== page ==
Hersh considered a number of scenarios that could plunge regional and world peace into jeopardy. The most serious was the possibility of a mutiny within the military stationed at the Pakistan nuclear weapon sites. It was based on the assumption that support for radical Islam and sympathy for the Taliban-Al Qaeda ideology could exist even among soldiers and officers stationed in places where the weapons are kept. When Hersh probed that possibility with military officers who he claimed to have spoken to, they rejected such a turn of events. They told him that the personnel working in such places were thoroughly scrutinised and those whose ideological orientation or mindset was suspect were screened out.

Moreover, Hersh was told that the nuclear devices are kept in deep tunnels that can never be detected by spy satellites. Even more importantly, the procedure adopted to make the nuclear weapons operational is exceedingly complex. The different elements and parts of a nuclear bomb are kept apart from one another. In order to use these devices, they needed to be assembled in one place. The procedure has been streamlined and, in case of a war or some threat to national security, a select group of military personnel could quickly make them operational.

The United States and Pakistan’s Sovereignty

It may be recalled that a controversy raged in Pakistan recently over the Kerry-Lugar Bill, which was attacked by right-wing media and politicians as an invasion of Pakistani sovereignty. Hersh’s report suggests that the Americans are determined to take control of Pakistan’s nuclear assets. In one sense, it gives credence to the conspiracy theory that the Americans are out to nullify Pakistani sovereignty and security – the nuclear weapons epitomising sovereignty and security!

It is, therefore, not surprising that it was not only a top Pakistani military officer who refuted the claim that the terrorists could get hold of Pakistani nuclear weapons; Pakistan’s President Asif Ali Zardari, the Federal Minister of Information, Qamar Zaman Kaira, and the Pakistan Foreign Office also issued similar statements. Their standpoint was supported by statements issued by the United States Secretary of State, Hillary Clinton, and the United States’ Ambassador to Pakistan, Anne Patterson.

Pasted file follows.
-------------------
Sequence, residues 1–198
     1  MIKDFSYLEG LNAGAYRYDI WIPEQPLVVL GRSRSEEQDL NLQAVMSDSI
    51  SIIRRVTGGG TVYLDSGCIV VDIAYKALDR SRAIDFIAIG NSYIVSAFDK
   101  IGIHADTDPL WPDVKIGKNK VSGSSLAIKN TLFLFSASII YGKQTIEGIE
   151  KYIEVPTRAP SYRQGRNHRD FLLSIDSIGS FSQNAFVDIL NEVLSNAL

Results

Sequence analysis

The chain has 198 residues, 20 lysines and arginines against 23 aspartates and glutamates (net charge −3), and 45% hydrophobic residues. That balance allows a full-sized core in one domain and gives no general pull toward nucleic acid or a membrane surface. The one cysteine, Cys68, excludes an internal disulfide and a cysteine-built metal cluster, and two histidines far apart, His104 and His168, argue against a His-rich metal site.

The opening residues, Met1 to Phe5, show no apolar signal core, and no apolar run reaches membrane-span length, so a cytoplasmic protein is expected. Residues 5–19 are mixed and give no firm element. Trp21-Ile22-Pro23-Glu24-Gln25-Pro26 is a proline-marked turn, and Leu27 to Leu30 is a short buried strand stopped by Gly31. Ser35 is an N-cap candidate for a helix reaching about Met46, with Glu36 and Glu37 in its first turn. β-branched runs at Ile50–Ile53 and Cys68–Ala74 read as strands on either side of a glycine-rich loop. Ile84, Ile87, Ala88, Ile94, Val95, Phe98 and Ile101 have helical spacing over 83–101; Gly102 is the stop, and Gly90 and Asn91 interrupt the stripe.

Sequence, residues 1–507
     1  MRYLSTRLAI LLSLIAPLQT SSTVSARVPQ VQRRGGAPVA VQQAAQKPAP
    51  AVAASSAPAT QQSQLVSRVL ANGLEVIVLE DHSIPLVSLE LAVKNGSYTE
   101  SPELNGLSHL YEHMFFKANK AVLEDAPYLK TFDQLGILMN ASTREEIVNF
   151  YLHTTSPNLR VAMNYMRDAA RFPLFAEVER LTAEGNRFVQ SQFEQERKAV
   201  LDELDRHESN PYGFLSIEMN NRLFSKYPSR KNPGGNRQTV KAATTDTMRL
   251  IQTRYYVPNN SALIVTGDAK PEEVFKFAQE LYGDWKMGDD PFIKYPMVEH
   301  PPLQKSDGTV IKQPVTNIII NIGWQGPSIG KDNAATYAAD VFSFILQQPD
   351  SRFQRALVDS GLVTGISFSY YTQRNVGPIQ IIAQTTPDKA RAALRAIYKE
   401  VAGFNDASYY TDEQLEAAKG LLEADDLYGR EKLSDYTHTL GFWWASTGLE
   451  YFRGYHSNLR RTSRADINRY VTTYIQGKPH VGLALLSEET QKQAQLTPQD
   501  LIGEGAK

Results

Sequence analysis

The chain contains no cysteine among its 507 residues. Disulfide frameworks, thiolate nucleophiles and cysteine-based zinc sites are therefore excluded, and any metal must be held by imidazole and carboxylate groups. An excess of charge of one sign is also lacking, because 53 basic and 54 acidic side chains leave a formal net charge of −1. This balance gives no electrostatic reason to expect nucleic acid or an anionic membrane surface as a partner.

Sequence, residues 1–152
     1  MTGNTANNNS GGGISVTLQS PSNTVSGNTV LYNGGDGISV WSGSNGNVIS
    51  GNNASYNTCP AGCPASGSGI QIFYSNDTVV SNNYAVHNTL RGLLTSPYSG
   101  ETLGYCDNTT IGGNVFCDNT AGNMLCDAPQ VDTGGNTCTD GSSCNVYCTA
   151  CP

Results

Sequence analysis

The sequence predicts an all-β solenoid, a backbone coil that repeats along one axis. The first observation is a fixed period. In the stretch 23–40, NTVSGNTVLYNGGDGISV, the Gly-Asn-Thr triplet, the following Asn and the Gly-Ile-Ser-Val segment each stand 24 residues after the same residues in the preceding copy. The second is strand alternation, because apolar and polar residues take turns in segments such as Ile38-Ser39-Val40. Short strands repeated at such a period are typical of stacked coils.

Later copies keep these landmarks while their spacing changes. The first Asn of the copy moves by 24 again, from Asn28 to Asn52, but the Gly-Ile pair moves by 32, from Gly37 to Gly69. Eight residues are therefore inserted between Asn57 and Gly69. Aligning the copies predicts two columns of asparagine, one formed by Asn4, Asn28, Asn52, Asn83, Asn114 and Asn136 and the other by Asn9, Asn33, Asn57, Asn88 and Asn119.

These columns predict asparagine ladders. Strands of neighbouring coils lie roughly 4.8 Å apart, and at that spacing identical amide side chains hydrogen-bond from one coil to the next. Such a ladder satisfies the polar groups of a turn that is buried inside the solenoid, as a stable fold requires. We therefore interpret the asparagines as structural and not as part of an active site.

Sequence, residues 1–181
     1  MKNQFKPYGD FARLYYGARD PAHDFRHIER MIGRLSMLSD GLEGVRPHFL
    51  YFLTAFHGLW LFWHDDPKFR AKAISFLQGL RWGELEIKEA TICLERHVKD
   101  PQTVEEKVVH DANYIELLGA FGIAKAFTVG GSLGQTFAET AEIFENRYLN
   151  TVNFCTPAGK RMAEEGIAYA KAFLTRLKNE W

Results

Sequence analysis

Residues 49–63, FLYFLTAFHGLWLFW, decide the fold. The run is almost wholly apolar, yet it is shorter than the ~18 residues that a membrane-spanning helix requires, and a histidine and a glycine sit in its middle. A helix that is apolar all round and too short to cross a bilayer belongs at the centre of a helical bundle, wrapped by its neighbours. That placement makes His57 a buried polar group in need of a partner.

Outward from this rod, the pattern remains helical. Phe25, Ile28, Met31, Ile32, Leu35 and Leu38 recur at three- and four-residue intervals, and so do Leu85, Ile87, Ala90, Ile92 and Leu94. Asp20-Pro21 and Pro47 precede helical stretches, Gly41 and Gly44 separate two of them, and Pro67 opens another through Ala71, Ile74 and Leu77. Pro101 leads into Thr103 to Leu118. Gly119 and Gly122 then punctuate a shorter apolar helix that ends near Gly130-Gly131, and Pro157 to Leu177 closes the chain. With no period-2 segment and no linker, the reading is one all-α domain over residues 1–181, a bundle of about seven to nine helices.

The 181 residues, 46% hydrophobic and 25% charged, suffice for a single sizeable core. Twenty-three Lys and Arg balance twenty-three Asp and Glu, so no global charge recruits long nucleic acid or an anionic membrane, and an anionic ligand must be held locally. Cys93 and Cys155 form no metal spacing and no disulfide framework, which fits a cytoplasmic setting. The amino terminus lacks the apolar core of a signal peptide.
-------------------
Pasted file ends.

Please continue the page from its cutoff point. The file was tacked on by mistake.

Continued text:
Will this latest controversy subside now that the power holders on both sides are singing the same refrain or will it only adversely affect the United States-Pakistan alliance against terrorism? That remains to be seen.

However, this is not the most interesting aspect of the recent controversy.

The most crucial problem policymakers have to face in the current situation is that the Taliban-Al Qaeda network will not hesitate to try anything to stop the offensive launched against them by the Pakistan military and to force the American and North Atlantic Treaty Organisation forces to pack up and leave Afghanistan. There are good reasons to believe that General Majid is speaking with sincerity that only those which the military has already included in the core group, who, in case of an emergency, will make those weapons operational, can access them unless that core group itself is eliminated. Arguing thus, he assured that it was not possible to reach the nuclear warheads and use them because all precautions have been taken to prevent that from happening.

Rational men in command positions in the Pakistani military who are in charge of the nuclear assets know that if they use such weapons, there would inevitably be a similar retaliation. The destruction and suffering that will follow in such a situation will defy imagination; hence the assumption is that while nuclear weapons are not usable, they guarantee peace. However, from the die-hard Islamist point of view, such reasoning may not carry much persuasive power.